Apple could have its electric car ready to go before 2020

Some of Apple’s greatest success has come when the company stepped forward to embrace new product types: it’s a move we saw with the iPod, with the iPhone, and one we may be seeing again right now with the Apple Watch. So it’s understandable that we start to get very excited when we hear about Apple approaching a new undertaking that would see it release not just an updated version of an old product, but one new to the company altogether. Earlier this year, we started hearing about one such moonshot that threatened to step far outside the manufacturer’s comfort zone, with word that Apple was working on its own electric car. Now a new report suggests that Apple is really looking to get this so-called project Titan to a commercial phase as soon as possible, and we could see sales of the Apple car begin in 2019.

While four years may seem pretty far off at this point, that’s really not much time at all for a manufacturer to design an automobile from the ground up, let alone a company that’s as new to the game as Apple.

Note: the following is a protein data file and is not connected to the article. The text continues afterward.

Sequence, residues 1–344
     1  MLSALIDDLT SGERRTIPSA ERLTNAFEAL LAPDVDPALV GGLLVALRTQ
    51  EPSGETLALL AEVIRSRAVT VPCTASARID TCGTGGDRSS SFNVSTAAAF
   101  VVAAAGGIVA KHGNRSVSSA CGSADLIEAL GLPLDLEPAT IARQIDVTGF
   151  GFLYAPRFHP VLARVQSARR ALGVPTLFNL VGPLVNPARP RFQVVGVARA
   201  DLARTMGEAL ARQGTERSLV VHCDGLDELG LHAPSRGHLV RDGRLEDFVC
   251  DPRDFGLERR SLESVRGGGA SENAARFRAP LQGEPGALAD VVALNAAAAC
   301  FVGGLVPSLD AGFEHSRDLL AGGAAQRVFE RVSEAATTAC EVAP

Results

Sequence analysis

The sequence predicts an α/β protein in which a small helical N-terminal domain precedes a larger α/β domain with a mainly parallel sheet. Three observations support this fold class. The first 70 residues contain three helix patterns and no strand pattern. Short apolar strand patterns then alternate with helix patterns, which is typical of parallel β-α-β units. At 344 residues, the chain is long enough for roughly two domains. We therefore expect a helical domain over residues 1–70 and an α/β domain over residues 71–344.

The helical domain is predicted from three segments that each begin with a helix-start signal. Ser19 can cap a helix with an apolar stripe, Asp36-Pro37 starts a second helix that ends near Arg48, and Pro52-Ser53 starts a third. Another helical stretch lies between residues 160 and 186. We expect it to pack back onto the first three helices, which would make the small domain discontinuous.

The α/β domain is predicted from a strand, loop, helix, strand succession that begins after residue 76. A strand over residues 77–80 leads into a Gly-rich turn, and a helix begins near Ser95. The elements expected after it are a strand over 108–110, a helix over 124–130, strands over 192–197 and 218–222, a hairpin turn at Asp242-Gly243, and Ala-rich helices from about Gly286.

Unlike Google’s autonomous car project, Titan would be a vehicle more akin to the Teslas of today: electric-powered, but still human-controlled. It sounds like a self-driving car could still be a future ambition of Apple’s but we may have to wait for a future Apple vehicle.

This 2019 target is reportedly the result of a lengthy investigation into the feasibility of the project, and now that Apple’s committed to moving forward, it may soon expand its 600-person automobile team to some 1,800 employees. Even with all those resources, it’s still possible we could see things slip back further, especially as Apple works out manufacturing logistics, but one way or another, it’s sounding more and more likely that this is one Apple project that’s very much moving forward.

Source: The Wall Street Journal

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About The Author
Stephen Schenck
Stephen has been writing about electronics since 2008, which only serves to frustrate him that he waited so long to combine his love of gadgets and his degree in writing. In his spare time, he collects console and arcade game hardware, is a motorcycle enthusiast, and enjoys trapping blue crabs. Stephen's first mobile device was a 624 MHz Dell Axim X30, which he's convinced is still a viable platform. Stephen longs for a market where phones are sold independently of service, and bandwidth is cheap and plentiful; he's not holding his breath. In the meantime, he devours smartphone news and tries to sort out the juicy bits Read more about Stephen Schenck!